After The Americans, The Lines of My Hand is arguably Robert Frank’s most important book and without doubt the publication that established his autobiographical, sometimes confessional, approach to bookmaking. The book was originally published by Yugensha in Tokyo in 1972, and this new Steidl edition, made in close collaboration with Robert Frank, follows and updates the first US edition by Lustrum Press of 1972.
The Lines of My Hand is structured chronologically and presents selections from every stage of Frank’s work until 1972—from early photos in Switzerland in 1945–46, to images of his travels in Peru, Paris, Valencia, London and Wales, and to contact sheets from his 1955–56 journey through the US that resulted in The Americans and made him famous. Here too are intimate photos of Frank’s young family, later photo-collages and stills from films including Pull My Daisy (1959) and About Me: A Musical (1971). This structure itself mirrors the rhythm of Frank’s life but it is his short personal texts, like diary entries, that fully bring his voice into the book.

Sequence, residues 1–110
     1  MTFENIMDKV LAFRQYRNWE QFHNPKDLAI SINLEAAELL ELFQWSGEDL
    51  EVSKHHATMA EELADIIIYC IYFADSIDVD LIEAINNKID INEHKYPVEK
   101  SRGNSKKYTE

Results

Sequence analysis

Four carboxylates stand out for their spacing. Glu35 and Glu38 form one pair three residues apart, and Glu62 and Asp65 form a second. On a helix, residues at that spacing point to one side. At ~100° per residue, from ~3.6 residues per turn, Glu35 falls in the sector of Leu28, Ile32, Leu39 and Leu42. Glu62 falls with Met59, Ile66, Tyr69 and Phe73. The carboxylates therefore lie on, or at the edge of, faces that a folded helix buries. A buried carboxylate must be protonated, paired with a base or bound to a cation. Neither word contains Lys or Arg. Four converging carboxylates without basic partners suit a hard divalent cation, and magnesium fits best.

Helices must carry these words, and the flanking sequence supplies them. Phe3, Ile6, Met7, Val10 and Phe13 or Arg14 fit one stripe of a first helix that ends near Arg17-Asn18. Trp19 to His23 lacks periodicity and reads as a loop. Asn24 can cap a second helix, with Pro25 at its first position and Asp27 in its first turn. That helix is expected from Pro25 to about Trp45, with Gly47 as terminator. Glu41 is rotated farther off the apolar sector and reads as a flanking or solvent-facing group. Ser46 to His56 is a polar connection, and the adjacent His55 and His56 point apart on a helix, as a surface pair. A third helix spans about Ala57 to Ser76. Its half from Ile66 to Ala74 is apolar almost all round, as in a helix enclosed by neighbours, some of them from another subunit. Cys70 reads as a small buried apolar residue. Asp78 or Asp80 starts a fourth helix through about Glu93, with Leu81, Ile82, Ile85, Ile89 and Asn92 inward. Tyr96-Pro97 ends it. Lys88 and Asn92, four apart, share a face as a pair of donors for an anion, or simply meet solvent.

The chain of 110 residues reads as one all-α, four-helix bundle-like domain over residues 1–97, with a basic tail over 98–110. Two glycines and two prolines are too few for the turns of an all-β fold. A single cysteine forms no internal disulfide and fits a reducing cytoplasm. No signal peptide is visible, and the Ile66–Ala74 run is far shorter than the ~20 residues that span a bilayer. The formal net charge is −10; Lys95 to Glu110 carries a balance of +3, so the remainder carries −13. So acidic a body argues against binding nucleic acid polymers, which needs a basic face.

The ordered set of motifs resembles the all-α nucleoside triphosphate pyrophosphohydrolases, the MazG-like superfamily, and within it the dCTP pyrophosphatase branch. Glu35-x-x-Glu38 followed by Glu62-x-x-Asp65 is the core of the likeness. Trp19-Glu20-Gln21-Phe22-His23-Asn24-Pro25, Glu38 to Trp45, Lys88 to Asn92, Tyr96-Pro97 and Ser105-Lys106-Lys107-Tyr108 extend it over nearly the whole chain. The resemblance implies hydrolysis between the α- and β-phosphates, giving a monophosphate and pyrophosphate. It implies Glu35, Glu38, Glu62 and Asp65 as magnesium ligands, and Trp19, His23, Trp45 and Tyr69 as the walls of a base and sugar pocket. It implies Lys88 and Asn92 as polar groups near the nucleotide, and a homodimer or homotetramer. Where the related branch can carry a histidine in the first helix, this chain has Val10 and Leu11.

In its original combination of text and image, its fearless self-reflection, and its insistence on photography and film as equal though different aspects of the artist’s visual language, The Lines of My Hand has become an inspiration for many photographers—not least Robert Frank himself, who continues and expands this approach in the visual diaries he makes today.